What is the effect of screen time in the first 48 hours after concussion on the duration of concussive symptoms?
In this randomized clinical trial including 125 patients with concussion aged 12 to 25 years, those who abstained from screen time during the first 48 hours of recovery had a statistically significant shorter duration of symptoms (3.5 days) than those who were permitted screen time (8 days).
This study provides preliminary evidence supporting clinical recommendations to limit screen time in the acute period after concussion.
There are limited data to guide screen time recommendations after concussion.
To determine whether screen time in the first 48 hours after concussion has an effect on the duration of concussive symptoms.
Design, Setting, and Participants
This randomized clinical trial was conducted in the pediatric and adult emergency departments of a tertiary medical center between June 2018 and February 2020. Participants included a convenience sample of patients aged 12 to 25 years presenting to the emergency department within 24 hours of sustaining a concussion. A total of 162 patients were approached, 22 patients met exclusion criteria, and 15 patients declined participation; 125 participants were enrolled and randomized.
Patients were either permitted to engage in screen time (screen time permitted group) or asked to abstain from screen time (screen time abstinent group) for 48 hours after injury.
Main Outcomes and Measures
The primary outcome was days to resolution of symptoms, defined as a total Post-Concussive Symptom Scale (PCSS) score of 3 points or lower. Patients completed the PCSS, a 22-symptom scale that grades each symptom from 0 (not present) to 6 (severe), each day for 10 days. Kaplan-Meier curves and Cox regression modeling were used to compare the 2 groups. A Wilcoxon rank sum test was also performed among participants who completed the PCSS each day through recovery or conclusion of the study period.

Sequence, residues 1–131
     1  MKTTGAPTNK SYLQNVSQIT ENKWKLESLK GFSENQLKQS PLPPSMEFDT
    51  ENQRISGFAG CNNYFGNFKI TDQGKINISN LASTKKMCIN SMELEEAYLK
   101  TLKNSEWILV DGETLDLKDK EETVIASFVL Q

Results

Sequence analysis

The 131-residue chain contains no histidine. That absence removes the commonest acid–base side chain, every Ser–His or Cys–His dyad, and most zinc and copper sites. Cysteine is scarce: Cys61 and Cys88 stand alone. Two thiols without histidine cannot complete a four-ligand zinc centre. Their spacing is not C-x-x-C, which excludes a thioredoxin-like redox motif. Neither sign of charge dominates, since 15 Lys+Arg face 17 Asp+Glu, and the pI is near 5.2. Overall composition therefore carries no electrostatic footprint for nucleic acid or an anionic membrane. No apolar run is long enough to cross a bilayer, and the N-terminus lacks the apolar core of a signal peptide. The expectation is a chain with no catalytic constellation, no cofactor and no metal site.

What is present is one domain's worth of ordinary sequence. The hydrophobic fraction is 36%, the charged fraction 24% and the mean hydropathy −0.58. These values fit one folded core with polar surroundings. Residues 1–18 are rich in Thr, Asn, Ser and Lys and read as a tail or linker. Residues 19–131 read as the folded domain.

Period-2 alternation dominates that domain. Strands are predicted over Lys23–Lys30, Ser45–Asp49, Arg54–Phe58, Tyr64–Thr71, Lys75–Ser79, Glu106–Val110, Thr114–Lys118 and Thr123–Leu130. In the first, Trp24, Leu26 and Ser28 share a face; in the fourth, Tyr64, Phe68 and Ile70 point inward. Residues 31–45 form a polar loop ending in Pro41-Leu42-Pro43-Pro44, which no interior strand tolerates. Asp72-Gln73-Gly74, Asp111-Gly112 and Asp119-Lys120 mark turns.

Among 125 patients with concussion, the mean (SD) age was 17.0 (3.4) years; 64 participants (51.2%) were male. A total of 66 patients were randomized to the screen time permitted group, and 59 patients were randomized to the screen time abstinent group. The Cox regression model including the intervention group and the patient’s self-identified sex demonstrated a significant effect of screen time (hazard ratio [HR], 0.51; 95% CI, 0.29-0.90), indicating that participants who engaged in screen time were less likely to recover during the study period. In total, 91 patients were included in the Wilcoxon rank sum test (47 patients from the screen time permitted group, and 44 patients from the screen time abstinent group). The screen time permitted group had a significantly longer median recovery time of 8.0 days (interquartile range [IQR], 3.0 to >10.0 days) compared with 3.5 days (IQR, 2.0 to >10.0 days; P = .03) in the screen time abstinent group. The screen time permitted group reported a median screen time of 630 minutes (IQR, 415-995 minutes) during the intervention period compared with 130 minutes (IQR, 61-275 minutes) in the screen time abstinent group.
Conclusions and Relevance
The findings of this study indicated that avoiding screen time during acute concussion recovery may shorten the duration of symptoms. A multicenter study would help to further assess the effect of screen time exposure.
ClinicalTrials.gov Identifier: NCT03564210